Wednesday, May 16, 2012

Parity of another kind...


Last Thursday President Obama announced that he “personally” felt that same-sex couples should be able to marry.  The statement electrified the media and much of the country.  The presumptive GOP Presidential candidate Mitt Romney immediately jumped on the !NO! wagon, the one that runs backwards.  
All the sound and fury did nothing to change anything, except to position the President on this issue in the mainstream of his own Party.  No federal law was proposed.  No executive order was signed.  The decision about whether same sex couples could legally marry would continue to be left for individual states to decide, just as the question of whether inter-racial couples could marry had been left up to the judgments of individual states until the Supreme Court’s 1967 landmark decision in Loving v. Virginia
Remembering the extent and viciousness of national racial discrimination in the 1960‘s is chilling. [Here]  Equally chilling, but finally inspiring, is reviewing the specific facts in the Loving case. [Here]  Mildred Jeter Loving (1939-2008), of African-American and Indian descent, and Richard Loving, a white male (1933-1975), were residents of Virginia when they fell in love.  They moved to Washington, D.C. to marry and to escape Virginia’s laws banning any mixed racial marriage.  They moved back to their home village after their wedding where they were arrested by a group of police officers who caught the couple sleeping in their bed although they had hoped to find the interracial couple having sex (yet another crime in Virginia.)  
The couple was found guilty under Virginia law which forbade an interracial couple leaving the state to marry and then returning to live.  The Lovings were sentenced to one year in prison with the sentence suspended for 25 years under the condition that the couple leave the state of Virginia.  
The trial judge, Leon Bazile, made a kind of racist history when he declared from the bench: [Here]
Almighty God created the races white, black, yellow, malay and red, and he placed them on separate continents. And but for the interference with his arrangement there would be no cause for such marriages. The fact that He separated the races shows that He did not intend for the races to mix.   
(Doesn’t this religious rhetoric sound familiar?  Can’t you hear Rick Santorum’s voice echoing, “It’s not the way it’s supposed to be.”)
The Lovings obeyed the judge’s sentence and moved out of Virginia and into the District of Columbia.  Four year later the American Civil Liberties Union picked up their cause and carried it to the Supreme Court.  Along the way, the Presbyterian Church and the Universalist Church declared their support for the Lovings and interracial marriages.  It’s also good to note that shortly before the Supreme Court took up the case, the Roman Catholic Church joined these mainstream Protestant churches in support of interracial marriages. [Here]
The Lovings were extremely fortunate that their case was heard by the intelligent and liberal Warren Court with associate justices Hugo Black, Abe Fortas, William Brennan, William C. Douglas, Thurgood Marshall, Bryon White, John Marshall Harlan and Potter Stewart, who also wrote a concurring opinion.  (Warren, Black, Brennan, Douglas, and Harlan had also sat on the court in the 1954 landmark school desegregation case, Brown v. Bd. of Education, in which Marshall had argued for the plaintiff.)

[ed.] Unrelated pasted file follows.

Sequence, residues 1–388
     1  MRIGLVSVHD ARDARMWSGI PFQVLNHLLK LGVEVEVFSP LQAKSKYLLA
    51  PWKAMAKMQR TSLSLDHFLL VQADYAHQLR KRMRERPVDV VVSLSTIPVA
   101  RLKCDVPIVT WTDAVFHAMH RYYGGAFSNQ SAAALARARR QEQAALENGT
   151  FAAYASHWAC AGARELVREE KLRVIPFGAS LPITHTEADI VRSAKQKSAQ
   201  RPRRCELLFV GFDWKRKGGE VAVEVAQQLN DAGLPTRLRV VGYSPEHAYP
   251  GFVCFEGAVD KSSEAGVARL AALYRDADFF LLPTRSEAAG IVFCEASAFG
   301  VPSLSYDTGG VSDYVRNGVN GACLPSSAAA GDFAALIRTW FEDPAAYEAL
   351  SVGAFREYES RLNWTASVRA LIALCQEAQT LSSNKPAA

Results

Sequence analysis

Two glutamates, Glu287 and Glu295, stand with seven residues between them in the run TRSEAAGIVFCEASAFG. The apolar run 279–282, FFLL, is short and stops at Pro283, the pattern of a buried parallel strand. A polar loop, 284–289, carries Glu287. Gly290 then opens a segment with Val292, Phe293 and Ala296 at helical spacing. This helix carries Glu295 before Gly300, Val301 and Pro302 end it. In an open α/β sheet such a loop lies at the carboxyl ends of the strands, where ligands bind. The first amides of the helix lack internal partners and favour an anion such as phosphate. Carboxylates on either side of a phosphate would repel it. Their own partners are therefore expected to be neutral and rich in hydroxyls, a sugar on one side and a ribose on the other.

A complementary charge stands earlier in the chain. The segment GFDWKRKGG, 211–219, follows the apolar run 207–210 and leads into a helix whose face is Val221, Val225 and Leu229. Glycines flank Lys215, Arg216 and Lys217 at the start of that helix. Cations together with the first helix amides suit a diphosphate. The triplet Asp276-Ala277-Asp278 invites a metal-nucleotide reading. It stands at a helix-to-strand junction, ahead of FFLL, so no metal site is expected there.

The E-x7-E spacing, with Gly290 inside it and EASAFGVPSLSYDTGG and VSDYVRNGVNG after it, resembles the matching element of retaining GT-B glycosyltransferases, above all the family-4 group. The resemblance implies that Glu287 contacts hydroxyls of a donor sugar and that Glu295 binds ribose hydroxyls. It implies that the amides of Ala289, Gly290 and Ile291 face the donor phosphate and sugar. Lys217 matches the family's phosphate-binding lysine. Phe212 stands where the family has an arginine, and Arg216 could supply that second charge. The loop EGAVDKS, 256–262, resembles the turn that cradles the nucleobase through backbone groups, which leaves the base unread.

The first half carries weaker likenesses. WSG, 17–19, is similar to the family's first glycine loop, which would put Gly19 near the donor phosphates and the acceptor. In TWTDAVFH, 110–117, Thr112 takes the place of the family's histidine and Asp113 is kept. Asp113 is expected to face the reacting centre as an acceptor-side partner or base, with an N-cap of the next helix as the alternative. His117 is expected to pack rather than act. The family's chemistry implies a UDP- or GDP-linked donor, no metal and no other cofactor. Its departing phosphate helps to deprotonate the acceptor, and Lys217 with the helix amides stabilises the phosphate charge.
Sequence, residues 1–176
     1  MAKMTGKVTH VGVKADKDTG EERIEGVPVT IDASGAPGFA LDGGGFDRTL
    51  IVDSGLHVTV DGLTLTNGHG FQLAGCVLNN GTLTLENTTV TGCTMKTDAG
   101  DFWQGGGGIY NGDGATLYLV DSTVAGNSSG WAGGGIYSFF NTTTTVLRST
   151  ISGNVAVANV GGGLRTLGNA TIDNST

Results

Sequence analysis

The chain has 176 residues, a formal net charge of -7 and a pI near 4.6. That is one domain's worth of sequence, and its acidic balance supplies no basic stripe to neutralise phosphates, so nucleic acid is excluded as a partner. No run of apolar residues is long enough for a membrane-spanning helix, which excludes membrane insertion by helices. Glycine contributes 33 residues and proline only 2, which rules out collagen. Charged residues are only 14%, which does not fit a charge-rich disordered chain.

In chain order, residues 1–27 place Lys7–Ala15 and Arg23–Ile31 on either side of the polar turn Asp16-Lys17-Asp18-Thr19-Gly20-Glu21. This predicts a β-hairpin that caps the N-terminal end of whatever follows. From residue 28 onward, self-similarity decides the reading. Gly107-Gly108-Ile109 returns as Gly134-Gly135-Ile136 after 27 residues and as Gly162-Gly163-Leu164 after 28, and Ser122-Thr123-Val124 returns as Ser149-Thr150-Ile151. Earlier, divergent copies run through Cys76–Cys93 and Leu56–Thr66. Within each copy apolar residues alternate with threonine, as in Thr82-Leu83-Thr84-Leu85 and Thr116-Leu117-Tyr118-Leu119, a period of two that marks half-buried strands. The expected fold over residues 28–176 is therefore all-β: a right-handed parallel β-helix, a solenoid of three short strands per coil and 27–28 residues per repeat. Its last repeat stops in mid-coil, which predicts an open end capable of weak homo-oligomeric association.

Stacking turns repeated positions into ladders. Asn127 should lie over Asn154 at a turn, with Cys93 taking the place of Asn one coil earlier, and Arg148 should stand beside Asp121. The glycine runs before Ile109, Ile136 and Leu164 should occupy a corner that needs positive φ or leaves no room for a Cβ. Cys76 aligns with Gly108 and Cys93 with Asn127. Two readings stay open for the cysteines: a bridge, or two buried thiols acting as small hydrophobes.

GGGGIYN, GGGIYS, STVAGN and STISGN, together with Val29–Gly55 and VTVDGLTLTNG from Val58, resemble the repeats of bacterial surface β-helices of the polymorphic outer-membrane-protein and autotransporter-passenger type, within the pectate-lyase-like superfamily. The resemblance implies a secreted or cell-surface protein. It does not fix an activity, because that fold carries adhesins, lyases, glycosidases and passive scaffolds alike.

The Lovings won their case in a unanimous decision which declared Virginia’s anti-miscegenation act unconstitutional and which ended throughout the country all race-based laws that barred marriages.  The court’s decision was based on the Due Process Clause and the Equal Protection Clause of the Fourteenth Amendment.  The language of Loving still reverberates.  Here is the decision in part... [Here
Marriage is one of the "basic civil rights of man," fundamental to our very existence and survival.... To deny this fundamental freedom on so unsupportable a basis as the racial classifications embodied in these statutes, classifications so directly subversive of the principle of equality at the heart of the Fourteenth Amendment, is surely to deprive all the State's citizens of liberty without due process of law.
Tom and Mildred Loving moved back to their home in Central Point, Virginia, where they had grown up, met, fallen in love and married.  They raised their three children in the same quiet, modest rural community.  Unfortunately, Tom died in 1975 from injuries incurred in a car accident.  Mildred continued to live in that small Virginia village, sustained by the memory of her love for Tom and surrounded by her children and grandchildren.  She died quietly of pneumonia in 2008.
The year before she died, Mildred Loving issued a statement on the 40th anniversary of Loving v. Virginia.  It said in part: [Here]   
...I am still not a political person, but I am proud that Richard's and my name is on a court case that can help reinforce the love, the commitment, the fairness, and the family that so many people, black or white, young or old, gay or straight, seek in life.  I support the freedom to marry for all.  That’s what Loving, and loving, are all about.
Amen.  Mildred and Tom Loving, rest in peace.  We thank you...

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